Rates of Ischemic Stroke During Warfarin Treatment for Atrial Fibrillation
Background and Purpose—Recent evidence suggests that there may be an increased risk of ischemic stroke immediately after warfarin initiation. We examined the rate of ischemic stroke among patients with atrial fibrillation newly started on warfarin therapy.
Methods—We conducted a population-based cohort study among Ontario residents aged ≥66 years with atrial fibrillation who received warfarin between April 1, 1997, and March 31, 2010. Each patient was followed up for ≤5 years in 30-day intervals. For each interval, we determined the rate of ischemic stroke.
Results—After 5 years, the cumulative incidence of ischemic stroke among new users of warfarin (n=148 446) was 4.0% (n=6006). The risk was highest during the first 30 days after initiation (6.0% per person-year; 95% confidence interval, 5.5%–6.4%) compared with the remainder of follow-up (1.6% per person-year; 95% confidence interval, 1.5%–1.6%), and increased with higher baseline CHADS2 (congestive heart failure, hypertension, age ≥75 years, diabetes, previous stroke) scores. Less frequent monitoring may have contributed.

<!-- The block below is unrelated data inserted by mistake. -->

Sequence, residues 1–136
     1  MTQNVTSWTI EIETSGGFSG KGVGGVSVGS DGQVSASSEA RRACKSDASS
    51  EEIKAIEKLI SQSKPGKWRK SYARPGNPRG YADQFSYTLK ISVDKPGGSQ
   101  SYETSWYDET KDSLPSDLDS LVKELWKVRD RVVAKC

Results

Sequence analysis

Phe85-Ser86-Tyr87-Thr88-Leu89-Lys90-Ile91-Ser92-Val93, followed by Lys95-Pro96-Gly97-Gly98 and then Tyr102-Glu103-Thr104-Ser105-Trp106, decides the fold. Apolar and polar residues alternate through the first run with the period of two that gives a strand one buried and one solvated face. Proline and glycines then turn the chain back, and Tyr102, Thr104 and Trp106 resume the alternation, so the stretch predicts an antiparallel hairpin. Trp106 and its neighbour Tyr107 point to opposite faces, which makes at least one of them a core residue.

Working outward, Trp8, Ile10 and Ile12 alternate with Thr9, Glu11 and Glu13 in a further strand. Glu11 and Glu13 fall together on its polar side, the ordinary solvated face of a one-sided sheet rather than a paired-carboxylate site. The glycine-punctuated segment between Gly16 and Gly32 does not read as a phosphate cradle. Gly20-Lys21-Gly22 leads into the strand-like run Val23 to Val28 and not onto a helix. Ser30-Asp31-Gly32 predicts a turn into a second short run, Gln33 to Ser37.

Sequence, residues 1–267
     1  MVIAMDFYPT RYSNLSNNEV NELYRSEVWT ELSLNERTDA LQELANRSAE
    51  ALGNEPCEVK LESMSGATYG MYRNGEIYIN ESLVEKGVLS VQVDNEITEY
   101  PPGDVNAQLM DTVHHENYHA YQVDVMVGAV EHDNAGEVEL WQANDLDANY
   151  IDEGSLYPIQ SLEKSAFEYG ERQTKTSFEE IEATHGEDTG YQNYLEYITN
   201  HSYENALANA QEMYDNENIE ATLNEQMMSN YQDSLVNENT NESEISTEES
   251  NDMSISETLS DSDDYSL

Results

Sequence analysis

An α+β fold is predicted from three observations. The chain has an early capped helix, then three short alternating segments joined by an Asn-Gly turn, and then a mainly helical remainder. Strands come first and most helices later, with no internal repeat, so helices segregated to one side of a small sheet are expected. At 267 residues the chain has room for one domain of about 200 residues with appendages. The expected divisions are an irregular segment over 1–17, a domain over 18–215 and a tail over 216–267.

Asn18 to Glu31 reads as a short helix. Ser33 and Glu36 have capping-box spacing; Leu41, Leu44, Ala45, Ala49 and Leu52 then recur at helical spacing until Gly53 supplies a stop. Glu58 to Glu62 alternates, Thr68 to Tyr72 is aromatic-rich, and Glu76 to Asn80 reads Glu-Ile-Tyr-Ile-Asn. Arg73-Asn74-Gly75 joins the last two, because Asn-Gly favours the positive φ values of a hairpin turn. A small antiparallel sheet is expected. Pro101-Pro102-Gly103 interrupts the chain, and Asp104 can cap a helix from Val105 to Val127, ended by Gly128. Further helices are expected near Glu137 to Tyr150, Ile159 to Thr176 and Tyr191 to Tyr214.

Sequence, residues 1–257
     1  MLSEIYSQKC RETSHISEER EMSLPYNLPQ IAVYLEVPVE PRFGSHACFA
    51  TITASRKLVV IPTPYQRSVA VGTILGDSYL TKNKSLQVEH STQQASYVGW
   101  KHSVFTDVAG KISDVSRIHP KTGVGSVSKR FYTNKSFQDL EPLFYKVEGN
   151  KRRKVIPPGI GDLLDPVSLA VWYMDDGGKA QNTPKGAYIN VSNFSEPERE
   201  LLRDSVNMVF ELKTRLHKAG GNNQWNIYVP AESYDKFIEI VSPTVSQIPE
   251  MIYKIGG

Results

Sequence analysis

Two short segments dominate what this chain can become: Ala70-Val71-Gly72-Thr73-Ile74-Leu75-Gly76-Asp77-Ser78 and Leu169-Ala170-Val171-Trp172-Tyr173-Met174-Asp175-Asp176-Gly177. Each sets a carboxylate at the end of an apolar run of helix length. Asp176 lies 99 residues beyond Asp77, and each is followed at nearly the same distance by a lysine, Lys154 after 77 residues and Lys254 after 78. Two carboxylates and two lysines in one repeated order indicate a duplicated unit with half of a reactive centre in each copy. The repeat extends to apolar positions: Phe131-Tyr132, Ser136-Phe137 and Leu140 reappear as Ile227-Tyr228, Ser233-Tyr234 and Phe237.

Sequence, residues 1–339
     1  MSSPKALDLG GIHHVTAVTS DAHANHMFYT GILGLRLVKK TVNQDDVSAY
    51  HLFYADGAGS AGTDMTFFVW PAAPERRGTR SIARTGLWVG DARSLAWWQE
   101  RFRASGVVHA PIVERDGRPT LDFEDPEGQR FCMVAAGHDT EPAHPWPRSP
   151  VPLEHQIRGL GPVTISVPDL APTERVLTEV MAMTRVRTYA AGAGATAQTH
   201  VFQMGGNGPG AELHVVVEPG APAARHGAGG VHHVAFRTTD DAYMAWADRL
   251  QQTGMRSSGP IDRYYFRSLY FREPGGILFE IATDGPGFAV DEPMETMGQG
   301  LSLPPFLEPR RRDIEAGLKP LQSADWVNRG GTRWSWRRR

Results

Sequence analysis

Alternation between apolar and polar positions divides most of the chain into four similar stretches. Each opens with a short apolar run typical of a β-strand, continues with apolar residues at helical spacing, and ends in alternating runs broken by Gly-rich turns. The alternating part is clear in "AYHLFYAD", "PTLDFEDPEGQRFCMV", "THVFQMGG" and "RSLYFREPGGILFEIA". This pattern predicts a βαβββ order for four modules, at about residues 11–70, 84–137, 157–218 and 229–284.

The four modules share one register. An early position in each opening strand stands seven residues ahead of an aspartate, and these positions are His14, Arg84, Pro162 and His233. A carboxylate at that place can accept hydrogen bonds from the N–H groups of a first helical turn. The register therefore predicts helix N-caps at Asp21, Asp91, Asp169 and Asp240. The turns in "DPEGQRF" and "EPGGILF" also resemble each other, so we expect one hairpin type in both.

Conclusions—In a large cohort of older patients with atrial fibrillation, we observed the highest rate of ischemic stroke in the first 30 days after warfarin initiation. Although causation cannot be established given the observational nature of this study, our findings highlight the need for future research in this population.
- Received October 18, 2014.
- Revision received January 25, 2015.
- Accepted January 28, 2015.
- © 2015 American Heart Association, Inc.